There are several ways of producing sparkling wine, but the méthode champenoise, or Champagne method, has been replicated for centuries in regions around the world because it makes for complex and elegant wines, with finer mousse (bubbles), firmer
acid, a toasty character, more intensity a longer finish which preps it for food.
- Harvest: Despite being a very cool region, Champagne’s harvest is often earlier than many parts of Europe, with winemakers looking for vibrant acidity and lower
alcohol in the base wines. The Comité Champagne determines the first permitted day of harvest every year; in 2016 it began on September 10th.
- Primary Fermentation: Champagne initially starts out just like any other wine, going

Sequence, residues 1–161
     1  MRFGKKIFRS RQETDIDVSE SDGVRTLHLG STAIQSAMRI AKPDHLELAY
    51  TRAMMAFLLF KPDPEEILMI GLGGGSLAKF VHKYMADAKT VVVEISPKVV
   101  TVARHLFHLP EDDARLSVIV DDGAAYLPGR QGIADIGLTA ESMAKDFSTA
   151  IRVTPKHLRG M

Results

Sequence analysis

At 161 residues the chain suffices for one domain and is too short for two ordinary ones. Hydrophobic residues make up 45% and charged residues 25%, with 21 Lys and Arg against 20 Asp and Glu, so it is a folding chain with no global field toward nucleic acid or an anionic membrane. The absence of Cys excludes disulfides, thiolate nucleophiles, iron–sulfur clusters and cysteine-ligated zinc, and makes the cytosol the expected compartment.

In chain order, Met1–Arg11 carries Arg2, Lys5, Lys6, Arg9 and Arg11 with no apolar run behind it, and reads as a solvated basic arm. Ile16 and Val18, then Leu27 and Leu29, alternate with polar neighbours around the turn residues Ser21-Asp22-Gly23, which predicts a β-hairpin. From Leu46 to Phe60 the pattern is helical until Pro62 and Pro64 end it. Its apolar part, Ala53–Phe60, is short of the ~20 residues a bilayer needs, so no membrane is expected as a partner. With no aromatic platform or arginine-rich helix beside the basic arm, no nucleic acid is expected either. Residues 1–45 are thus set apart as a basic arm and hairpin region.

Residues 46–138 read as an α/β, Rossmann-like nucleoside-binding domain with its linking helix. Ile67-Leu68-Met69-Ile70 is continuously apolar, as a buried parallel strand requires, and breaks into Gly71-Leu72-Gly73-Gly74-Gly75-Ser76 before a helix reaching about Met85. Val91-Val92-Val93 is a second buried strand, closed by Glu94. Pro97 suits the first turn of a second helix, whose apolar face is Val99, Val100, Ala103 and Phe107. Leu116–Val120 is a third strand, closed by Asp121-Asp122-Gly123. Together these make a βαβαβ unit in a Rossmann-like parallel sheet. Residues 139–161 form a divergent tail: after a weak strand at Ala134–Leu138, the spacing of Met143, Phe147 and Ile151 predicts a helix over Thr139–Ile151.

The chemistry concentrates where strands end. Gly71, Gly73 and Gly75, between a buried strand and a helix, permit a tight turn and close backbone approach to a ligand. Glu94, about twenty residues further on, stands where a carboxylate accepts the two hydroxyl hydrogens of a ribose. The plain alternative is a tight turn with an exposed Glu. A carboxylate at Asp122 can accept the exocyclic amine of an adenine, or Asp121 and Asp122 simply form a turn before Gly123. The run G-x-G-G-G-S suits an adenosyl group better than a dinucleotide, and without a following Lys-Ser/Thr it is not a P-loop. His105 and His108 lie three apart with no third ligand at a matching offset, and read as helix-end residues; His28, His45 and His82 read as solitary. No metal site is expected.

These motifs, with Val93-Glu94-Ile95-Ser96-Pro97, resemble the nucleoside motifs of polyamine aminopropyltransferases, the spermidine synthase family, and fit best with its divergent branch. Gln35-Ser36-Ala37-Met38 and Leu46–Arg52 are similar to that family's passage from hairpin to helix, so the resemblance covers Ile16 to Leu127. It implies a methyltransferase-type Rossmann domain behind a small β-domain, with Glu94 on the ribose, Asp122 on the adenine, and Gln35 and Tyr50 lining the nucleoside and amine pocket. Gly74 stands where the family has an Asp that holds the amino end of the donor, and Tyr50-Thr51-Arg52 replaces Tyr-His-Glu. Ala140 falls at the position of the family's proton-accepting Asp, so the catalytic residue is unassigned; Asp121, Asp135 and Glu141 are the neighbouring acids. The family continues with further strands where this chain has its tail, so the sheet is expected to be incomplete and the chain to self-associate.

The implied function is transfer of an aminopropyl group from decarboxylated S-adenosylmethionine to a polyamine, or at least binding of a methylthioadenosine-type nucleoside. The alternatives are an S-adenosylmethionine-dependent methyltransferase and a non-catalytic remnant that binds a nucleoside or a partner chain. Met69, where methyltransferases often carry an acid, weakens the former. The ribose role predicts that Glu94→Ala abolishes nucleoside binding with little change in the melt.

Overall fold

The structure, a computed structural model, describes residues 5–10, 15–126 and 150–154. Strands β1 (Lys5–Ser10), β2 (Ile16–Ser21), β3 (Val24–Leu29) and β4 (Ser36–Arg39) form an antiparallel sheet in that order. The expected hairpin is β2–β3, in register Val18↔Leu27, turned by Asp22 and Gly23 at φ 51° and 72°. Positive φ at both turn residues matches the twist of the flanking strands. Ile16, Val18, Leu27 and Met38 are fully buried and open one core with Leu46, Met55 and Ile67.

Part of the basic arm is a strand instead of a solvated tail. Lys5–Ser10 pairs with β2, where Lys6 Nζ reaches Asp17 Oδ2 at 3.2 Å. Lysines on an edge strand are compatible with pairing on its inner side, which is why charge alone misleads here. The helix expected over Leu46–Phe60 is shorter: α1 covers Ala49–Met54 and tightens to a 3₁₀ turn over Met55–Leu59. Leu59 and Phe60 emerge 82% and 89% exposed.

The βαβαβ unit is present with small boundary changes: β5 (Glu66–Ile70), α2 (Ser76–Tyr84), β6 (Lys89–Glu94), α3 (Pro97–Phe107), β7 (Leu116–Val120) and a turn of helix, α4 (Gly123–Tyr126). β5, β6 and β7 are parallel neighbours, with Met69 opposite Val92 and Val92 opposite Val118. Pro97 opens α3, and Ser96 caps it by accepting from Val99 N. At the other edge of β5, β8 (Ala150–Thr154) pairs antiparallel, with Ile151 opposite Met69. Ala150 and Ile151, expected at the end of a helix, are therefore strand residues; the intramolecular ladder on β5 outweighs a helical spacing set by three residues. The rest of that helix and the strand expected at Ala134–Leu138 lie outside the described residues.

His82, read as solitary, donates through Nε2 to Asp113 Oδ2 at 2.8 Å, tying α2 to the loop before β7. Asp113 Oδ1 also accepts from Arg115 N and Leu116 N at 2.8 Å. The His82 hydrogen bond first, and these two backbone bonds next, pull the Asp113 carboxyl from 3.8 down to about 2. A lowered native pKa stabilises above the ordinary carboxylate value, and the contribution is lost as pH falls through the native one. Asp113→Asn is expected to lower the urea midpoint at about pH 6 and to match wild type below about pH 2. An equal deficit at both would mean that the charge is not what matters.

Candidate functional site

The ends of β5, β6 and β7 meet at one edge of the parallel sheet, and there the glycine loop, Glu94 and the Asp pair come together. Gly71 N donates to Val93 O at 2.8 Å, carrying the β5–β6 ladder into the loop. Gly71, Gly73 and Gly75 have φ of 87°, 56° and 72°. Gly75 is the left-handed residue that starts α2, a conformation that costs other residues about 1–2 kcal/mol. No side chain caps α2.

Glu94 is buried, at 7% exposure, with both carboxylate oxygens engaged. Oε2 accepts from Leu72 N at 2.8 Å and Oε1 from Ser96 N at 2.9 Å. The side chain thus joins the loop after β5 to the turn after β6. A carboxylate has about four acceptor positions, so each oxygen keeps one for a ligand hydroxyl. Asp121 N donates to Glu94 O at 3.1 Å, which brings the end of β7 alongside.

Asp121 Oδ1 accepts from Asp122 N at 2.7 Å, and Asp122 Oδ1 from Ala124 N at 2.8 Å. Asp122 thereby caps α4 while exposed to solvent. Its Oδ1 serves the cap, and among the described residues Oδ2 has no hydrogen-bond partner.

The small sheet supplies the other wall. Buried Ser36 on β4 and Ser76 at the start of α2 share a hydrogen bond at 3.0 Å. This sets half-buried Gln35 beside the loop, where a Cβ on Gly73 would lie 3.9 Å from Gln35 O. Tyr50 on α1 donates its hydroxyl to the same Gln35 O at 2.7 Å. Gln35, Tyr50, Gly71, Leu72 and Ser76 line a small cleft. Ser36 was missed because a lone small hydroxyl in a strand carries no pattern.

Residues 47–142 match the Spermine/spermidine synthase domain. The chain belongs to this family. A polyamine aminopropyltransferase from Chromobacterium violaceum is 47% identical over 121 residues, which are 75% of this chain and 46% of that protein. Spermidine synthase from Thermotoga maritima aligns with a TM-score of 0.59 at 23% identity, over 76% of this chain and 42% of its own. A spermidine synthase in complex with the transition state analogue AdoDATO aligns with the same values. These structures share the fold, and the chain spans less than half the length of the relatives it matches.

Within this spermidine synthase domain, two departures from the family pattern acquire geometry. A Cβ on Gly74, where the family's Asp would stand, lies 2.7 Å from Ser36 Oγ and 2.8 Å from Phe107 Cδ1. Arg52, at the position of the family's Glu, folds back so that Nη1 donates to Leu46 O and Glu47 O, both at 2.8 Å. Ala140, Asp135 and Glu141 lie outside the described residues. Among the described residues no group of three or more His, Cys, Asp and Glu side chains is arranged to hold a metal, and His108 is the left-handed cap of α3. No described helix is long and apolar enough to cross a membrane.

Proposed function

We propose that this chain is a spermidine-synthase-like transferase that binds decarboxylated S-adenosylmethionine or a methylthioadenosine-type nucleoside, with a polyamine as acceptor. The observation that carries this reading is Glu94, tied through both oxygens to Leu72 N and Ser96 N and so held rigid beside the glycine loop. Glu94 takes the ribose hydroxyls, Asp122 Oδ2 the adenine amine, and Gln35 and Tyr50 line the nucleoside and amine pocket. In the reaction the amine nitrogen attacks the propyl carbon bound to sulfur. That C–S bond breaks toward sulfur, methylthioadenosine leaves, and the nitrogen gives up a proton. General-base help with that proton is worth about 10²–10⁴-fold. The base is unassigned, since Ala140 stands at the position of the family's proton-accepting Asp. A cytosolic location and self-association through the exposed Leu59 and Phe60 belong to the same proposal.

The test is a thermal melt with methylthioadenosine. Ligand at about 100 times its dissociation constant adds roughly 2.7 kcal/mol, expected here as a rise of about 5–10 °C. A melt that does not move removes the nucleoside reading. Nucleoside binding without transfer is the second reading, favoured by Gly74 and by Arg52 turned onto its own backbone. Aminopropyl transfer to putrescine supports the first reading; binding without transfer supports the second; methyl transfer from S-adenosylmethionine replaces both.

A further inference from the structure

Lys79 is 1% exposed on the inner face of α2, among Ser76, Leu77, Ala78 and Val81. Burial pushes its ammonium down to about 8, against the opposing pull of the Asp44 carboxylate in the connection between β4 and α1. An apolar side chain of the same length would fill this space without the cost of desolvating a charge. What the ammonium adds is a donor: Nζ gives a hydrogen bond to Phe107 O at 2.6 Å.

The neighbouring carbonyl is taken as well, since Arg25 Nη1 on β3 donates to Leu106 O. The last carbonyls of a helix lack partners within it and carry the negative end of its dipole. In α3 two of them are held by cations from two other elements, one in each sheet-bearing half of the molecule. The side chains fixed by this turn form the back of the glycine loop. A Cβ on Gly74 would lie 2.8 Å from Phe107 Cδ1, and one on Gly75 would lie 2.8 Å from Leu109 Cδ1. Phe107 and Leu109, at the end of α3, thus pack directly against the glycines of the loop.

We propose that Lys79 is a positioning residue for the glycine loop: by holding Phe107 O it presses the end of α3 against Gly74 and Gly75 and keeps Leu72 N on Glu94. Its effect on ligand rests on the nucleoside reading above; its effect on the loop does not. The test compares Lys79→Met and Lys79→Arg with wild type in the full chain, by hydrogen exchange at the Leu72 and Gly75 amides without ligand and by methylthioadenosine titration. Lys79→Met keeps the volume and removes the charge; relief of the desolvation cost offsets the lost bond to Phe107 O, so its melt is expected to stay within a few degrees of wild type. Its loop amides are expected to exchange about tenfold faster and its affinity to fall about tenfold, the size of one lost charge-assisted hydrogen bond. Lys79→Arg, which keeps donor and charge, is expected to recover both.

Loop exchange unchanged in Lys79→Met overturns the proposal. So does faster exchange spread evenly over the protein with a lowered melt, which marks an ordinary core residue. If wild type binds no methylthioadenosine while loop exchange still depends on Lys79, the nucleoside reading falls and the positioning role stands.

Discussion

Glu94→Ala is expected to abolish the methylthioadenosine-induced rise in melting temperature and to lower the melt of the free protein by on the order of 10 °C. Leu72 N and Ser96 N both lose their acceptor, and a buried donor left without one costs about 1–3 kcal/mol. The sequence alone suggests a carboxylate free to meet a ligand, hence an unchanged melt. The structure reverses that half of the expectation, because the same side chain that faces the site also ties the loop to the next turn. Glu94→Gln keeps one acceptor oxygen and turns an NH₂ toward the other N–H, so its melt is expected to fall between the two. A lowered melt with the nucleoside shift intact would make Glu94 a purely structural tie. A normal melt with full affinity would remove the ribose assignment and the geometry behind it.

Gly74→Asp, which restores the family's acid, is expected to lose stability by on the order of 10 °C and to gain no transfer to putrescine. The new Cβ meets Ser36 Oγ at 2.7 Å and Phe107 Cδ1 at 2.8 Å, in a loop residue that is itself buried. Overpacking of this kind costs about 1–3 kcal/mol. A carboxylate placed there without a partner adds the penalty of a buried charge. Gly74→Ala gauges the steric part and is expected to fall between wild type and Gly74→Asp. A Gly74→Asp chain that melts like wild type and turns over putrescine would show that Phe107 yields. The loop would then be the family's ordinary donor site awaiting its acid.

through fermentation in tanks. Some producers will age this base wine in barrel for a bit before bottling, but most go straight to bottle.
- Bottling: For non-vintage bottlings winemakers will blend wines from at least a couple vintages to get the desired base. At bottling, yeast and sugar are added to the wine. Bottles are closed with a soda crown cap, as opposed to cork, because they can better withstand intense pressure. Bottles are then laid down in a cool, dark, humid cellar.
- Secondary Fermentation: Here come the bubbles. As the yeast consumes the sugar in the bottle, it produces CO2, which gets trapped in the bottle, creating the elegant fizz Champagne is so known for.
- Aging: At this point the Champagne will rest in the cellar for anywhere from 15 months or until the winemaker decides it’s ready forr elease. The lees (dead yeast cells) in the bottle contribute a nutty, toasty flavor and give texture to the wine, slowly with time.
- Riddling: Before corking, the cellared, crown-capped bottles are “riddled”—
either by hand or machine. This means that they’re turned just a little bit, periodically to keep the lees from sticking to the side of the bottle.